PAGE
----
printf("sizeof a+c+f which is of type int+float+long long is: %lu\n", sizeof(a + c + f));

    return 0;
}

Output:

sizeof a+c which is of type int+float is: 4
sizeof c+d which is of type float+doyble is: 8
sizeof a+e which is of type int+long is: 8
sizeof a+c+f which is of type int+float+long long is: 4

If you observe the above program, the sizeof operator tells you about the concept of data type broadening. Did you observed when you added int a with long e, the resultant has the size of 8 bytes which is the same as the size of long. So that means, though you have int as an operand, the result will have datatype as long due to the concept of data type broadening. This is also similar when you added float type c with double type 8, again we saw an instance of data type broadeningsizeof operators help you to validate the concept too.

sizeof operator to find sizeof an object

To find what size of an object is, we can use the sizeof operator easily. Normally the size of an object is the sum of its constituent data members. It's guaranteed that size of an object will never be smaller than that, but what compiler does is that compiler adds padding between data members to ensure alignment requirements of the platform. That's one can easily check that by using sizeof operator.

Below is an example where the object has three data members, one string and two integers. So, the size should have been 8 (depends on compiler, one may check the size of string using sizeof operator) + 4 + 4 but it's 24 found by sizeof operator and that's due to compiler adding padding space.

#include <iostream>
using namespace std;

class student {
public:
    int roll;
    string name;
    int marks;
};

int main()
{
    student st;
    st.name = "xyz";
    st.roll = 1;
    st.marks = 80;
    printf("sizeof student object st is: %lu\n", sizeof(st));

    return 0;
}

Output:

sizeof student object st is: 24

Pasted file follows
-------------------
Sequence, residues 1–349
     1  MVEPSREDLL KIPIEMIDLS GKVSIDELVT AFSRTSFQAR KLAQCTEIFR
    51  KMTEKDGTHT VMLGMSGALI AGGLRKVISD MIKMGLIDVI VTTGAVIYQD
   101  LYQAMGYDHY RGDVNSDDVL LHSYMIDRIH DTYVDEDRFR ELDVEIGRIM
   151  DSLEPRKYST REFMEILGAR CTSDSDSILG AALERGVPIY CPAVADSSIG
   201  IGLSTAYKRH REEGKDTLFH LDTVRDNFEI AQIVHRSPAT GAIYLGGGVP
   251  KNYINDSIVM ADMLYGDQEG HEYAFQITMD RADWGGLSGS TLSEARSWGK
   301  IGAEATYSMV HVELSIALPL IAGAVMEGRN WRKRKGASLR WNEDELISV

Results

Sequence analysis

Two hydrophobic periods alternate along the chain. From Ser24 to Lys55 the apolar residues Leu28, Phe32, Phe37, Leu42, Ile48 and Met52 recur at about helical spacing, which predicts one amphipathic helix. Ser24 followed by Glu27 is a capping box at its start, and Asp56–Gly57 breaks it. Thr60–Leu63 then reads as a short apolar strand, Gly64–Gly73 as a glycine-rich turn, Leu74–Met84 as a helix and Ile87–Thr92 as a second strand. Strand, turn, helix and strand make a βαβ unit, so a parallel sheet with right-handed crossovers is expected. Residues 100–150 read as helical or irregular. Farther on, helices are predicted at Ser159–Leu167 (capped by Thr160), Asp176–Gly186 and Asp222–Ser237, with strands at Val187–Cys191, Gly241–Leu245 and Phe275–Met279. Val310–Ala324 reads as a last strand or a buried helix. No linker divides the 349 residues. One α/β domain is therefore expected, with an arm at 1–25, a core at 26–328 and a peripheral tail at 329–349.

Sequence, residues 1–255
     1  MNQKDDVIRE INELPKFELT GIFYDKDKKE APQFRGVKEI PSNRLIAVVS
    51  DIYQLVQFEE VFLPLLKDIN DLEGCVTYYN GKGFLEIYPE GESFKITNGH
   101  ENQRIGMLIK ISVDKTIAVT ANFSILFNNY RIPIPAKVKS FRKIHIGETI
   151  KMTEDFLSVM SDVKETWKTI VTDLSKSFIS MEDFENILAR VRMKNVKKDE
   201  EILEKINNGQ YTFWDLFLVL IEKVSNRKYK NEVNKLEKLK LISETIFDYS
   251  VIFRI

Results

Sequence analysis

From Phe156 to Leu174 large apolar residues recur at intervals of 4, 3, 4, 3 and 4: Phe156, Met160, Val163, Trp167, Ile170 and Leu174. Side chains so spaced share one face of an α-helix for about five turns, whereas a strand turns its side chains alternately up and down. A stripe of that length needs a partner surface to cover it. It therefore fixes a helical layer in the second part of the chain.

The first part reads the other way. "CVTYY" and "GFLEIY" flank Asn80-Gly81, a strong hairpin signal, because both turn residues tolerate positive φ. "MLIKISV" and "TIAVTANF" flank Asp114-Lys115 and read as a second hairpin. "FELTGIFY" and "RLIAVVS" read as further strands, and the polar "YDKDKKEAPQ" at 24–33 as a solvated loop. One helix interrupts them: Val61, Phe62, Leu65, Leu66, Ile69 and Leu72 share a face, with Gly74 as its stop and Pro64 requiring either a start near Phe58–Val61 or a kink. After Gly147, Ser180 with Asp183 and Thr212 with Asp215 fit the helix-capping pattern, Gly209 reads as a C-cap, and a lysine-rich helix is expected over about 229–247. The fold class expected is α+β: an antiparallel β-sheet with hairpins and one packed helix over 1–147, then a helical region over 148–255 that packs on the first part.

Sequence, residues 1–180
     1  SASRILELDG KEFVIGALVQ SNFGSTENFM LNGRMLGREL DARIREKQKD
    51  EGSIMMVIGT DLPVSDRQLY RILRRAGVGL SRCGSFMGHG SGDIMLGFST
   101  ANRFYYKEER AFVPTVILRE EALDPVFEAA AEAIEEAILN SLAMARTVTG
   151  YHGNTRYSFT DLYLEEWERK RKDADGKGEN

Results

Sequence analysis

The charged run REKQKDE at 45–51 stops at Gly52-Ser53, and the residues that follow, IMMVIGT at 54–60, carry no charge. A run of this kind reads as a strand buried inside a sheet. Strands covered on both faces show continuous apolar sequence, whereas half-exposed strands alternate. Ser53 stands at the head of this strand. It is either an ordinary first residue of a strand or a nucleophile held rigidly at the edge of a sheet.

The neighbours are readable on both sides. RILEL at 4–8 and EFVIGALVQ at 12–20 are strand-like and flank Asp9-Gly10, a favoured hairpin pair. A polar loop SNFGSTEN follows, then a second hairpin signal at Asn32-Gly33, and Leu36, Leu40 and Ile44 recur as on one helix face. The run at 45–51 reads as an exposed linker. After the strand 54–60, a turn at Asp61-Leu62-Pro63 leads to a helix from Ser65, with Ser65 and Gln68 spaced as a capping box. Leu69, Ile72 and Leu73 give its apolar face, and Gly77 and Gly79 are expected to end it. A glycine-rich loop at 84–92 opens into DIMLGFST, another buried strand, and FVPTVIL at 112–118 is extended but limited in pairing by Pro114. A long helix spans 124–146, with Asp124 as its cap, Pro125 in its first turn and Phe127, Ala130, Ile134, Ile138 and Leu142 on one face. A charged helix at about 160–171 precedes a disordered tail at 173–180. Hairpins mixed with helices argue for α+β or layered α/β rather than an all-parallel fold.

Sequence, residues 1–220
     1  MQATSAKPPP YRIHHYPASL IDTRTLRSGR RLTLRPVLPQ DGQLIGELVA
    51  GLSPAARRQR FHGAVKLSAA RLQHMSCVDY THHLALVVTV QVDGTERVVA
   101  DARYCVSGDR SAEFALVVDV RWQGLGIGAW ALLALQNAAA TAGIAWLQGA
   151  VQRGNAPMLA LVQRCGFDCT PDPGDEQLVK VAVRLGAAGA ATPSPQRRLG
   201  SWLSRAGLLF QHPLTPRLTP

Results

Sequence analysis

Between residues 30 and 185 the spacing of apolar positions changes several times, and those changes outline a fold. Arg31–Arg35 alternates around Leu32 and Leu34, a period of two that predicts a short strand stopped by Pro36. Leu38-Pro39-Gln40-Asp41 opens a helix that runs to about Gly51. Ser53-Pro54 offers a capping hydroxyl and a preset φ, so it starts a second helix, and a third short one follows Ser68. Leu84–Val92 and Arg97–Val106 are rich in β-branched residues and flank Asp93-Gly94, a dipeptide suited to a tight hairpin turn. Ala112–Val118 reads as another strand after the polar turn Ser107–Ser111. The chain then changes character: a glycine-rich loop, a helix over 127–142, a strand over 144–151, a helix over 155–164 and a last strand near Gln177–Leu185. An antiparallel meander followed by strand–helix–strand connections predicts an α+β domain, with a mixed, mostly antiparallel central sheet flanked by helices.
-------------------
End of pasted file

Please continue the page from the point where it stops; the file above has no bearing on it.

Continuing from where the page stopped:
sizeof operator to find array size

We can use sizeof operator to find array size. The array size will be array length* sizeof(datatype).

#include <iostream>
using namespace std;

int main()
{
    int marks[20];
    cout << "sizeof the array marks is: " << sizeof(marks) << endl;
    return 0;
}

Output:

sizeof the array marks is: 80

sizeof operator also helps out to find the length of array very easily. The length of the array will be,

length of array= sizeof(array)/sizeof(datatype)

Below is an example:

#include <iostream>
using namespace std;

int main()
{
    int arr[] = { 12, 76, 45, 10, 5, 1, 6, 17, 89 };
    cout << "length the array arr is: " << sizeof(arr) / sizeof(int) << endl;
    return 0;
}

Output:

length the array arr is: 9

Dynamic memory allocation using sizeof operator

Below is the example where we dynamically allocate memory using malloc() function where sizeof helps defining the size of a single element,

#include <stdio.h>
#include <stdlib.h>

int main()
{
    int* arr = (int*) malloc(sizeof(int) * 20);
 
    for (int i = 0; i < 10; i++)
        arr[i] = i;
 
    if (arr == NULL)
        printf("Memory couldn't be allocated\n");
    else
        printf("Memory got allocated\n");
        
    return 0;
}